House

56 Stout Street And Whittaker Street, Shannon

  • House 56 Stout St & Whittaker St, Shannon. CC Licence 4.0 Image courtesy of commons.wikimedia.org.
    Copyright: Michal Klajban - Wikimedia Commons. Taken By: Michal Klajban. Date: 16/11/2014.
  • House 56 Stout St & Whittaker St, Shannon. CC Licence 4.0 Image courtesy of commons.wikimedia.org.
    Copyright: Michal Klajban - Wikimedia Commons . Taken By: Michal Klajban. Date: 16/11/2014.
  • House 56 Stout St & Whittaker St, Shannon. CC Licence 3.0 Image courtesy of horowhenua.kete.net.nz.
    Copyright: Kete Horowhenua.

List Entry Information

List Entry Status Listed List Entry Type Historic Place Category 2 Public Access Private/No Public Access
List Number 4061 Date Entered 5th September 1985

Locationopen/close

Extent of List Entry

Extent includes the land described as Lot 2 DP 43058 (CT WN14C/160), Wellington Land District, and the building known as House thereon.

City/District Council

Horowhenua District

Region

Horizons (Manawatu-Wanganui) Region

Legal description

Lot 2 DP 43058 (CT WN14C/160), Wellington Land District

Summaryopen/close

The house at 56 Stout Street in Shannon is an attractive and spacious dwelling built circa 1914 for a successful plumber and his wife on a generous corner section. The house, in all likelihood architect-designed, has architectural significance as a transitional residential design that bridged the closing period of villa architecture and the approaching one heavily influenced by the California bungalow and, to a lesser extent, the English cottage.

Shannon was one of a string of towns founded along the Wellington and Manawatu Railway line, which was completed in 1886. The first land sales occurred in Shannon the following year and the town experienced steady growth based in farming, flax milling, and the construction of the nearby Mangahao power scheme.

A title was issued to Mabel Watterston, a ‘married woman,’ on 21 July 1913 for two lots making up a section at the corner of Whittaker and Stout streets. She was married to Thomas Morris Watterston, who was a plumber with ‘septic tanks and drain-laying a speciality.’ Construction of the house likely occurred in 1914 when the property was involved in a transaction with the ‘State Advances Superintendent.’ The State Advances Corporation had origins in the Government Advances to Settlers Act of 1894, crafted ‘to provide assistance to settlers for the development of their holdings,’ including houses. There is evidence suggesting that the well-known Wellington architecture firm of Crichton & McKay may have designed the house.

A circa 1914 date is also conceivable given its outward appearance, which is best described as transitional. The construction of villas, the mainstay form of the Victorian and Edwardian periods, had effectively ended by this time. In their place were houses influenced by the California bungalow and the English cottage. This house exhibits characteristics of both—the complicated assemblage of roof planes, bays, and window hoods typical of bungalows and the more steeply pitched roofs, simplified gable half-timbering, and small paned sash of cottages. On the interior, even if a centre hall typical of villas remained, the main door opened from an inset front porch into a vestibule area embellished by a trio of windows, which better screened the interior from the entrance.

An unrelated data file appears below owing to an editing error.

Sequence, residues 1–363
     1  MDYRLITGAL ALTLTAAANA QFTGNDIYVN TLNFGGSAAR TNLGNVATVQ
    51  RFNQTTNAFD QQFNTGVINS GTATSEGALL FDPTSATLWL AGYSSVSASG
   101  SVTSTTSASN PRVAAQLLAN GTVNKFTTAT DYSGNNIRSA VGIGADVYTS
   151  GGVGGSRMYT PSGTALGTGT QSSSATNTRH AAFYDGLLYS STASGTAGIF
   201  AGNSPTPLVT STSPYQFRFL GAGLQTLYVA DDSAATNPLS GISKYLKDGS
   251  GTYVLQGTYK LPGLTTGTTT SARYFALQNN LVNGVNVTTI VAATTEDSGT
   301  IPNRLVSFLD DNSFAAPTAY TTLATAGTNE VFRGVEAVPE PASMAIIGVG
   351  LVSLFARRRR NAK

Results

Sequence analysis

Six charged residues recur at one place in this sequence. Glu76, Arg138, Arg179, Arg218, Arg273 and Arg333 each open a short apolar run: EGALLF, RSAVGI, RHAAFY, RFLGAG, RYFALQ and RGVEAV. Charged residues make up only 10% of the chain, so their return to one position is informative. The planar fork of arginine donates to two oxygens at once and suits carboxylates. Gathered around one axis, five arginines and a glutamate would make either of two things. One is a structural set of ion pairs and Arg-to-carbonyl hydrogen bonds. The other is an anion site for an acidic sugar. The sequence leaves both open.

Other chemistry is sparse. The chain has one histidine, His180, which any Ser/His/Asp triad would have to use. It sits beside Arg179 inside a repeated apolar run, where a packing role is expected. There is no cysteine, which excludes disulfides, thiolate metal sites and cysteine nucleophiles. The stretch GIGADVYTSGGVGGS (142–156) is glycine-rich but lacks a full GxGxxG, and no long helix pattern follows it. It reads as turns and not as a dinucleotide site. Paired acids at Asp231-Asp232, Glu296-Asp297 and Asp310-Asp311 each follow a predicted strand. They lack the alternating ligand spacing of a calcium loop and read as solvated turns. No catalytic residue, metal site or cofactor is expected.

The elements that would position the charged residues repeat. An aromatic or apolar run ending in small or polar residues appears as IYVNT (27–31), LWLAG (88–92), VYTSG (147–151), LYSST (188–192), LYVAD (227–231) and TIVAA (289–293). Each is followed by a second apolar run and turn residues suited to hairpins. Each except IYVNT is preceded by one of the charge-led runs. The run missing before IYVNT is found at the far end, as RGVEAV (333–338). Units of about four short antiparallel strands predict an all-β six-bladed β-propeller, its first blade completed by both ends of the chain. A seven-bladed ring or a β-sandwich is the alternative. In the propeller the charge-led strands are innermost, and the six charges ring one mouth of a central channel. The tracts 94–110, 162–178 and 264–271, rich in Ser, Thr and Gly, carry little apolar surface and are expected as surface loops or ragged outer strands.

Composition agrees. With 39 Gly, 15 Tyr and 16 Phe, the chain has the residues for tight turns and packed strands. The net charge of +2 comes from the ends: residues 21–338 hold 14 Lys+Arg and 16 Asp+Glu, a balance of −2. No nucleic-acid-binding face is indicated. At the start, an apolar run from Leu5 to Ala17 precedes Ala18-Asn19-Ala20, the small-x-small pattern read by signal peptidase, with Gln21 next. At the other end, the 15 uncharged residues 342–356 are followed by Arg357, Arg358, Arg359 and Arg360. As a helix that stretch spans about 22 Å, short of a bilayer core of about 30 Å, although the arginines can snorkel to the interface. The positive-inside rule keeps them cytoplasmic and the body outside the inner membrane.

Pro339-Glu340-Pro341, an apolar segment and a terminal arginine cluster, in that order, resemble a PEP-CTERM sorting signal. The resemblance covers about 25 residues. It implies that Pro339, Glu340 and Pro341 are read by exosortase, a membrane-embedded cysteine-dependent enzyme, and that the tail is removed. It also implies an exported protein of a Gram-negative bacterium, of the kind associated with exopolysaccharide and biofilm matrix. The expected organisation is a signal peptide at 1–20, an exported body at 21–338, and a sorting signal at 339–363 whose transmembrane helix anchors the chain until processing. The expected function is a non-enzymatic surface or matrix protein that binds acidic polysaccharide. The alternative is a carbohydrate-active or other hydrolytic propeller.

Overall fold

The Watterstons owned the house until May 1926 when it was sold to the Bank of New Zealand for use as a residence for its Shannon branch manager. A valuation related to the sale noted that the house ‘has evidently been well built and appears to be all Ht. [heart] Timber with no sign of borer anywhere….the situation is good, section dry, and well sheltered.’ The valuation assessed the house, garage, and improvements to the section, such as fencing. From the exterior, the house and grounds remain in excellent condition and are mostly unchanged. There appears to have been a small addition at the rear of the house and the double garage may be a replacement of the earlier one.

The property remained in the hands of the bank until 1978 (a year after the Shannon branch closed), when it was sold to Alan and Myra Perry, who owned it for the next 24 years. As of 2017, it remains in private ownership.

Linksopen/close

Construction Professionalsopen/close

Crichton & McKay

No biography is currently available for this construction professional

Additional informationopen/close

Construction Dates

Original Construction
1914 -

Addition
-
Small addition at rear; alterations to chimney; possible new or expanded garage

Completion Date

21st November 2016

Report Written By

James A. Jacobs

Information Sources

Salmond, 1986

Jeremy Salmond, Old New Zealand Houses 1800-1940, Auckland, 1986, Reed Methuen

Mew and Humphris, 2014

Geoff Mew and Adrian Humphris, Raupo to Deco: Wellington Styles and Architects, 1840-1940, Steele Roberts Aotearoa, Wellington, 2014.

Other Information

Please note that entry on the New Zealand Heritage List/Rarangi Korero identifies only the heritage values of the property concerned, and should not be construed as advice on the state of the property, or as a comment of its soundness or safety, including in regard to earthquake risk, safety in the event of fire, or insanitary conditions.

A fully referenced upgrade report is available on request from the Central Region Office of Heritage New Zealand.